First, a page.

Confirmation versus Falsificationism

In Robin L. Cautin & Scott O. Lilienfeld (eds.), The Encyclopedia of Clinical Psychology. Wiley-Blackwell (2015)
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Confirmation and falsification are different strategies for testing theories and characterizing the outcomes of those tests. Roughly speaking, confirmation is the act of using evidence or reason to verify or certify that a statement is true, definite, or approximately true, whereas falsification is the act of classifying a statement as false in the light of observation reports. After expounding the intellectual history behind confirmation and falsificationism, reaching back to Plato and Aristotle, I survey some of the main controversial issues and arguments that pertain to the choice between these strategies: the Raven Paradox, the Duhem/Quine problem and the Grue Paradox. Finally, I outline an evolutionary criticism of inductive Bayesian approaches based on my assumption of doxastic involuntarism.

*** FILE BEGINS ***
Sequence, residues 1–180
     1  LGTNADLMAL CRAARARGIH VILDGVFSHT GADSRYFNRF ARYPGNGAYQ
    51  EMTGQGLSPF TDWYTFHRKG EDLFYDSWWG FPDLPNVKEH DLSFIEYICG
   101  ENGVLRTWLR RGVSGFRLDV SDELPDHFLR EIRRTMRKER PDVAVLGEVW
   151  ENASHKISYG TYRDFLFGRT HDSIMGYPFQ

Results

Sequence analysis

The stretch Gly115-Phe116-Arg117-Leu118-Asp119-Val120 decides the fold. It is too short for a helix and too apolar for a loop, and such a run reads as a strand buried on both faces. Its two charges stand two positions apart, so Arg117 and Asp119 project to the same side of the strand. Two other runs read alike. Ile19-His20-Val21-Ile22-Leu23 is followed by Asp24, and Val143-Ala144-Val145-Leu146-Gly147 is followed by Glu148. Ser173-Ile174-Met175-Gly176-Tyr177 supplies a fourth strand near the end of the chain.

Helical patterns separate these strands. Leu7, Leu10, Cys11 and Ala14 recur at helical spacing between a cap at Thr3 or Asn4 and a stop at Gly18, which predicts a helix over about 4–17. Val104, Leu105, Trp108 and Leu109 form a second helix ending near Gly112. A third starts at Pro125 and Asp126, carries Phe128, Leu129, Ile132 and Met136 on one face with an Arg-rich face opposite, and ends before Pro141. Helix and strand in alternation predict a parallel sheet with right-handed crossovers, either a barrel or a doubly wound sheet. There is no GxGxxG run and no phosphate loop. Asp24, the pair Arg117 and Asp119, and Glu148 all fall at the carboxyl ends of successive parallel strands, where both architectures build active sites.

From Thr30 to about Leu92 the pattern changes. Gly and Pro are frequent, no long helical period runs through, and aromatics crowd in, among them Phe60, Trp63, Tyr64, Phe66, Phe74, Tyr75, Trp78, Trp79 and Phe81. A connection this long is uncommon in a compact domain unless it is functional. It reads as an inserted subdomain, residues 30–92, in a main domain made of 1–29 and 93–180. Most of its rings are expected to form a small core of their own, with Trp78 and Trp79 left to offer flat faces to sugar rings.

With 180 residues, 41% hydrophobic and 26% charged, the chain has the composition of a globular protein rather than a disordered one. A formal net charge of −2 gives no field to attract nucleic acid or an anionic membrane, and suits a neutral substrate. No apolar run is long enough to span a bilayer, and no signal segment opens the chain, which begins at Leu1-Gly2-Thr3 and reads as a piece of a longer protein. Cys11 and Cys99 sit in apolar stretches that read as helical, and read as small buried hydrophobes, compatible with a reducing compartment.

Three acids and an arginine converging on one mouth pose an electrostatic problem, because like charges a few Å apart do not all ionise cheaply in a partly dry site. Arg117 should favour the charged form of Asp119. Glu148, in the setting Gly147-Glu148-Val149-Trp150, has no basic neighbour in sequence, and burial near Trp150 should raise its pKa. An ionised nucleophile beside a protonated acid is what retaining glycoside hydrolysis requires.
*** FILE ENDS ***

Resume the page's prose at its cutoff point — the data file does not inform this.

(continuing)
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Ray Scott Percival
London School of Economics (PhD)

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References found in this work

Two Dogmas of Empiricism.W. Quine - 1951 - [Longmans, Green].
Fact, Fiction, and Forecast.Nelson Goodman - 1965 - Cambridge, Mass.: Harvard University Press.
A Treatise of Human Nature.David Hume & A. D. Lindsay - 1969 - Harmondsworth,: Penguin Books. Edited by Ernest Campbell Mossner.
The aim and structure of physical theory.Pierre Maurice Marie Duhem - 1954 - Princeton,: Princeton University Press.
Theory and Evidence.Clark N. Glymour - 1980 - Princeton University Press.

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